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Tag: Quotes

This quote from Dr. Martin Luther King, Jr. says, “Injustice anywhere is a threat to justice everywhere.”

What might Dr. King say to us today?

In the wake of the holiday that honors him, I’ve been wondering “what might Dr. King say to us today?” The Reverend Dr. Martin Luther King, Jr. is a man whom many of us consider a moral beacon for the ages. His life ended more than fifty years ago, but we value moral beacons because their guidance transcends their own times.

We certainly could use a moral beacon right now. We’ve just lived through a year of historic tumult and upheaval. The pandemic has disrupted our lives on every imaginable level. We lived through a long summer of mass popular demonstrations against systemic racism. An incredibly divisive political season has so far crescendoed (at the time of this writing) into the spectacle of a thank-God-failed insurrection/coup d’état.

What might Dr. King say about all of this? It’s impossible (unless you believe in séances) to ask him directly. But some of the things he wrote and said point us toward his probable reading of some of today’s major recent events. If I tried to address all of today’s issues with his thoughts, this would be a very long post. Instead, I’ll focus on two top headlines of today.

What might Dr. King say about the insurrection at the Capitol?

Dr. King loved his country. Even though he opposed white supremacists in positions of power, he still could write, “the goal of America is freedom.” In his Letter from a Birmingham Jail (1963) he cited “the American dream,” and the goal of “bringing our nation back to those great wells of democracy which were dug deep by the founding fathers in their formulation of the Constitution and the Declaration of Independence.”

The white supremacist mob that stormed the Capitol would have looked all too familiar to him. Their (literal and spiritual) parents and grandparents created the Jim Crow South where he focused his resistance work. Of their racist laws, he wrote, “All segregation statutes are unjust because segregation distorts the soul and damages the personality. It gives the segregator a false sense of superiority and the segregated a false sense of inferiority.”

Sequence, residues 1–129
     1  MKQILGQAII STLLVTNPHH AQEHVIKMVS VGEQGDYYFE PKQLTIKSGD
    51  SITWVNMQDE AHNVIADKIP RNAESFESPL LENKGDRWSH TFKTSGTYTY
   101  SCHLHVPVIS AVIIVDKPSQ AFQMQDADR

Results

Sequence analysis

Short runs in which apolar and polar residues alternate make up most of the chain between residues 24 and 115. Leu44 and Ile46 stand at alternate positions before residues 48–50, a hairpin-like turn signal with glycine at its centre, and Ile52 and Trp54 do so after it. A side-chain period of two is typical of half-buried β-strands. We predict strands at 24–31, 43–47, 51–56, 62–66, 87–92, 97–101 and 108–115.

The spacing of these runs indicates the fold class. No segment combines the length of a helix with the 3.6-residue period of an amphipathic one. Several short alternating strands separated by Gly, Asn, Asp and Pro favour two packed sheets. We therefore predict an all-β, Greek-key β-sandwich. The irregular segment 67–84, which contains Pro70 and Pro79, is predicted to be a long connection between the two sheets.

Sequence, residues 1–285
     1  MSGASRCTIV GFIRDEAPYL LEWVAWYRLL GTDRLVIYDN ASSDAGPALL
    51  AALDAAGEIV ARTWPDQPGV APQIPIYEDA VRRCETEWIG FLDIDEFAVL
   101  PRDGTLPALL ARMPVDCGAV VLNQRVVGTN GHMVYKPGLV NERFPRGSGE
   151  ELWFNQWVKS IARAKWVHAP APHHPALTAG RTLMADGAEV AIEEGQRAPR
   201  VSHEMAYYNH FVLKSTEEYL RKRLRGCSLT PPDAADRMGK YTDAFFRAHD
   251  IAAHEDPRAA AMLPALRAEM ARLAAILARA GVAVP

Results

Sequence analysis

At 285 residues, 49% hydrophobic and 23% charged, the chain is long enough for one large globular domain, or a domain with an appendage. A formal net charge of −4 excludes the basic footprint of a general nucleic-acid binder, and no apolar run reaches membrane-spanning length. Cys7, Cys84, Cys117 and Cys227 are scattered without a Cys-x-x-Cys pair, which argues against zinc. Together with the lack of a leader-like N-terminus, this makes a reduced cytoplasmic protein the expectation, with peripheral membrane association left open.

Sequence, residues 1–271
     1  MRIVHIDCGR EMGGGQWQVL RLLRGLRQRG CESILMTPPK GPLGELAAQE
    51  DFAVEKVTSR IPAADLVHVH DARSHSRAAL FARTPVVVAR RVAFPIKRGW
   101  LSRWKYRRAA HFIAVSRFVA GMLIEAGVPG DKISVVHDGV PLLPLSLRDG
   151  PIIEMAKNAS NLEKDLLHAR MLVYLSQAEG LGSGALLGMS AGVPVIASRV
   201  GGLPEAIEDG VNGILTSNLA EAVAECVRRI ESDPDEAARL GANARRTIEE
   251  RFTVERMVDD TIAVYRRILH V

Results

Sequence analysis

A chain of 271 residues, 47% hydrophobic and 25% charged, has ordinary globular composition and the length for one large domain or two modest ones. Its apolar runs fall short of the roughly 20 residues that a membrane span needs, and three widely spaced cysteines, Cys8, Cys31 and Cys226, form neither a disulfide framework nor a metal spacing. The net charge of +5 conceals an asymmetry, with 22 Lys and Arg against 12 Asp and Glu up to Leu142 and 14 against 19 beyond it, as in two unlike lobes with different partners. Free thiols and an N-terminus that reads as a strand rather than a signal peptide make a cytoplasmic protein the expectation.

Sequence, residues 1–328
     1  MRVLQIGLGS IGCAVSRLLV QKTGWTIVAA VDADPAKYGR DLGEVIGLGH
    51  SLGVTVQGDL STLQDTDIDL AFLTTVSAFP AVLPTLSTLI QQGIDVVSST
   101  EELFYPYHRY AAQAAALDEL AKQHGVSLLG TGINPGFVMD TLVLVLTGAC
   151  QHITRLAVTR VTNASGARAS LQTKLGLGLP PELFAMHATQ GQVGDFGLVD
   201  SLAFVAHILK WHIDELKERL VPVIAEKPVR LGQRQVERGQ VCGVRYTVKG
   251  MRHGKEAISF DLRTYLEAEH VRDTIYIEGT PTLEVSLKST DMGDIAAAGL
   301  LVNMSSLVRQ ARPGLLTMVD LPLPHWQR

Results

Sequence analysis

As seen from directly above, an angry crowd of Trump supporters beat a Capitol Police officer who has fallen on his face on the Capitol steps.
The insurrectionists attacked this police officer with a crutch, a night stick, fists, and assorted poles—including a pole attached to an American flag. (WUSA9)

He also would have condemned their violence. King decried “hate filled policemen [who] curse, kick and even kill your black brothers and sisters,” but his whole life was devoted to nonviolence. He would have unequivocally decried assaults such as the one pictured above.

Violence brings only temporary victories; violence, by creating many more social problems than it solves, never brings permanent peace,” he wrote. Moreover, “Returning violence for violence multiplies violence, adding deeper darkness to a night already devoid of stars.”

What might Dr. King say about the impact of the pandemic?

I think he would have been most outraged by the stark, enduring, inequalities the pandemic laid bare. The scourge of poverty, and the systemic racism he sought to dismantle all his life, roared into vivid prominence when COVID-19 pervaded the nation.

This chart, based on data from the American Community Survey of county public health departments, shows that rates of infection were much higher for Latinos and Blacks in San Francisco, Santa Clara, and Alameda Counties, and the death rate for Black people was almost double that of any other group. Latinos came in second.
This chart captures a snapshot of data from May 5, 2020 that demonstrates the uneven impact of the COVID-19 pandemic on different racial groups (Todd Trumbull/San Francisco Chronicle)

Unequal access to health care, environmental pollution in poor neighborhoods, and inadequate access to healthy nutrition in “food deserts” had already afflicted communities of color with higher rates of diseases and health conditions that made residents of these communities more vulnerable to the disease and its most virulent manifestations.